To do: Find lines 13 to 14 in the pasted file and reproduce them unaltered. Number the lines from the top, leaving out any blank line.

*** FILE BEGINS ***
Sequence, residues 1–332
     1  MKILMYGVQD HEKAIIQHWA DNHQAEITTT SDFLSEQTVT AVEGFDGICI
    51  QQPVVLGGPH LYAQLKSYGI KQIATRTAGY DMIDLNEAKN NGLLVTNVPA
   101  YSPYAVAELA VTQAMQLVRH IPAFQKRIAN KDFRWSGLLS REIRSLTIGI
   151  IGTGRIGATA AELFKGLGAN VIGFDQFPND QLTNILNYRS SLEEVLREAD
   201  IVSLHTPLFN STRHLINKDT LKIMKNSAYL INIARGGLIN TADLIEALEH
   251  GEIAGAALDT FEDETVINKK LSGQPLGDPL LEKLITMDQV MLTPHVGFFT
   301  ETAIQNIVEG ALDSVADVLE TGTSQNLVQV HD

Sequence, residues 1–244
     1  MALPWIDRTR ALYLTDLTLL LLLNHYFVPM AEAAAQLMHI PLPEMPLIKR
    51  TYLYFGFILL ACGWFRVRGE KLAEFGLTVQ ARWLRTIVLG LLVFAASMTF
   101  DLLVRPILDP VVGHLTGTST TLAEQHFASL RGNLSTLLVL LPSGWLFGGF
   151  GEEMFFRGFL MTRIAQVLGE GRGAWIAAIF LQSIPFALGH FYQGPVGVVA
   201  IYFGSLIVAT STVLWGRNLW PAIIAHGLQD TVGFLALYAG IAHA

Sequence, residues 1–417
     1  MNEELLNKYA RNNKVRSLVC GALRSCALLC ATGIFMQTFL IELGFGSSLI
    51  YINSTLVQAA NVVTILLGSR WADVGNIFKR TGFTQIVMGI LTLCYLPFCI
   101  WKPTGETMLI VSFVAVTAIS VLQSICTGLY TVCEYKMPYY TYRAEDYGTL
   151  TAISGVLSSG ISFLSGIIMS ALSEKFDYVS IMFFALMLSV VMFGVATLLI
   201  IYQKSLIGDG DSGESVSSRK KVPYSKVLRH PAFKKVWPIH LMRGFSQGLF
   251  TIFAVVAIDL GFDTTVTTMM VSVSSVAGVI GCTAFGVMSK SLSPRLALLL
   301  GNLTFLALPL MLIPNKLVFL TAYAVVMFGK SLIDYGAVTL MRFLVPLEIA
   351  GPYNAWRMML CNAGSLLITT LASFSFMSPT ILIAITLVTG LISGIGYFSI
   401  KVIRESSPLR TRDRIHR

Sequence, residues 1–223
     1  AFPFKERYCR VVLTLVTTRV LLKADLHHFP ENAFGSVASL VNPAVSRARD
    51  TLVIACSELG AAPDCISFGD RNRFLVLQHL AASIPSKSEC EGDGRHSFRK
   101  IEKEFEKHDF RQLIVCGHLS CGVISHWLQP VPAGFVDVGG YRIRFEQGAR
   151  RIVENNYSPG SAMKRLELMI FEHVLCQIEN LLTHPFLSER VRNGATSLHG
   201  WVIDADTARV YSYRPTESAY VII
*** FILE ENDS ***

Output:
   151  GEEMFFRGFL MTRIAQVLGE GRGAWIAAIF LQSIPFALGH FYQGPVGVVA
   201  IYFGSLIVAT STVLWGRNLW PAIIAHGLQD TVGFLALYAG IAHA